Farm costs continue to rise
The figures, which represent inflation experienced since August 2012, will be presented at the Norfolk Farming Conference today, Thursday 21 February. The figures show an increase from AgInflation of 3.38% recorded for the year from August 2011 to August 2012.
The overall inflation of 4.39% reflects a period of some instability, with significant increases in inflation seen for feed and animal health products (16.9%), fuel (11.2%) and seed (10.2%). The only area to have experienced deflation is machinery (-6.4%).Individual enterprises show that the costs have gone up for all farm types. Livestock areas have experienced the largest increases with dairy costs rising by 10.07% and beef and lamb by 9.83%.
The cost of producing combinable crops has gone up by 2.76%, lying marginally behind sugar beet (3.73%) with potatoes rising significantly to 10.89%.
A comparison with the Retail Price Index (RPI) is also significant for farmers as the gap between AgInflation and the RPI continues to widen. Comparing figures since 2006 at the base rate of 100, the RPI is now 139 and AgInflation today is 174.The prices paid by consumers mirror some of the rises in AgInflation. The RPI on potatoes has increased by 25.7% over the past six months and the RPI on bread and margarine has increased by 4.6%. Beef and lamb prices have risen in the shops by 3.4% but the cost of production to farmers has increased by 9.83%.
However some products show no increase at retail level. While the cost of production for dairy farmers has risen by 10.07%, wholesale milk prices have not changed.
Clarke Willis, AF Group CEO, said: "While the costs of cereal and oilseed rape production have risen, inflation has been lower than for other enterprises as fertiliser and chemical costs have both seen increases of less than 1%. The dramatic increase in the cost of potato production has been driven by the limited supply of potato seed following last year’s very poor harvest."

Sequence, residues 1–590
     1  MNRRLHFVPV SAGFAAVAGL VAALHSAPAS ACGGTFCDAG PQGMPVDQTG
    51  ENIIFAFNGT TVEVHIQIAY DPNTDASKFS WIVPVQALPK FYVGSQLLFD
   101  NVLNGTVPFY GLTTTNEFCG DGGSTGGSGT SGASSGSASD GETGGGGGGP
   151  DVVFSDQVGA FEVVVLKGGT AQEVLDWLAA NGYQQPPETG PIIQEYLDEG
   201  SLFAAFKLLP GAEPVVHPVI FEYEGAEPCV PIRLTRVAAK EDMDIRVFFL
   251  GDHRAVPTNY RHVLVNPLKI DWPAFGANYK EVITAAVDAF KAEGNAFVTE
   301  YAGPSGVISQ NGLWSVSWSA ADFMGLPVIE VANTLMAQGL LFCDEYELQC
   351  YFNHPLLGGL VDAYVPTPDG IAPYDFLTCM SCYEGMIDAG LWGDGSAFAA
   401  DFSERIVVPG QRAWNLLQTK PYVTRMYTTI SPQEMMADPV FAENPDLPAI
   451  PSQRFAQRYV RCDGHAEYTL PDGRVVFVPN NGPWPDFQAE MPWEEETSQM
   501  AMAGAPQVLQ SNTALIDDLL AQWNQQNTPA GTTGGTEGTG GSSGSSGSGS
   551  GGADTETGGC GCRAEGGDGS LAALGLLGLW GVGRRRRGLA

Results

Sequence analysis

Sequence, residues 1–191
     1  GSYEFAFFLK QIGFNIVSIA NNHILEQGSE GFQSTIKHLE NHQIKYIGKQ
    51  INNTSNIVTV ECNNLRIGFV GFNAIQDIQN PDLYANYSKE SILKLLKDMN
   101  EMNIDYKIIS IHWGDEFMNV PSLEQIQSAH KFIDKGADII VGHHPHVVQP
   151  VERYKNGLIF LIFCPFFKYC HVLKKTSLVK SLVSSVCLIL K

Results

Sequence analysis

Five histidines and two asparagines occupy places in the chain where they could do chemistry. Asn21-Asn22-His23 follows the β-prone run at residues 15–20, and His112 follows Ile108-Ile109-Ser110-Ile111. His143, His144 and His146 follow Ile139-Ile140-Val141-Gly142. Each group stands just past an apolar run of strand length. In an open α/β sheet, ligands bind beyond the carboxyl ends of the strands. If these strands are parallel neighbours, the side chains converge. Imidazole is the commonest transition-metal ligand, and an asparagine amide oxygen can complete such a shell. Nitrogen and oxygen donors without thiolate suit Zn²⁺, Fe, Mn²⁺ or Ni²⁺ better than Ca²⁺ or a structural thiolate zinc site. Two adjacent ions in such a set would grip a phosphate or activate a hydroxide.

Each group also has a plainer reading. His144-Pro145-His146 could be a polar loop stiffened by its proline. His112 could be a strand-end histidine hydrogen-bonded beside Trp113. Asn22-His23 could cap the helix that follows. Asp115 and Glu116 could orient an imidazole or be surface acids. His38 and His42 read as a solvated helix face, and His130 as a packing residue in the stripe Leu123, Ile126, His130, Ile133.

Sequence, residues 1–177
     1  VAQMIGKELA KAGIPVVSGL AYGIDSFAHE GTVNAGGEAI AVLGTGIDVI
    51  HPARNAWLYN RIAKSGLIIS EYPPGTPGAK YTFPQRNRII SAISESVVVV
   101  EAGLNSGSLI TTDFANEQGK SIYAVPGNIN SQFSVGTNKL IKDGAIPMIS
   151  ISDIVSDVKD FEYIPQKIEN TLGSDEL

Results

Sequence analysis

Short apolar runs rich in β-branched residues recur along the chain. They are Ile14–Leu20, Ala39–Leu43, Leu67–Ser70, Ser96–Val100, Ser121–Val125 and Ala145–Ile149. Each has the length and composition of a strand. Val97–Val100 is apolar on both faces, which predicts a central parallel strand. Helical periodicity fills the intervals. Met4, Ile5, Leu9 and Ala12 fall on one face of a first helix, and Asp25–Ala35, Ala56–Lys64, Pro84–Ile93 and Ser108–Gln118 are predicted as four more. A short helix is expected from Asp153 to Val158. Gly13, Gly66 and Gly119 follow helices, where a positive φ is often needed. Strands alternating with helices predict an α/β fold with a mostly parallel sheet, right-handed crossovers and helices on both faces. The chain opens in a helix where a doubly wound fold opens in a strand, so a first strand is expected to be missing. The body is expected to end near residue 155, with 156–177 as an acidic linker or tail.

"The rising cost of fuel has affected all sectors and rising animal feed prices have caused significant increases in production costs for livestock and dairy farmers.
"Machinery is the only input to have experienced deflation in the last six months. Workshop labour costs have decreased and the price of genuine and non-genuine wearing parts has also fallen or remained static.”
Costs in the index are noted when they are experienced rather than when the inputs are used and the prices reflect prudent purchasing practice so may include, for example, fertiliser purchased but not applied until the following year.
Launched in 2006 by Anglia Farmers (AF) and compiled by Norfolk farmer and former AF director Jim Alston, the index has become a definitive tool for assessing the cost of farming production and guiding negotiations within the wider food industry.
Using information from the group’s buying office, which has a sourcing power of more than £250 million, it is intended to reflect the changing expenditure of farming and is a weighted average of nine cost centres and 132 cost items. Weightings within cost centres and between them are based on average farm and grower expenditure.
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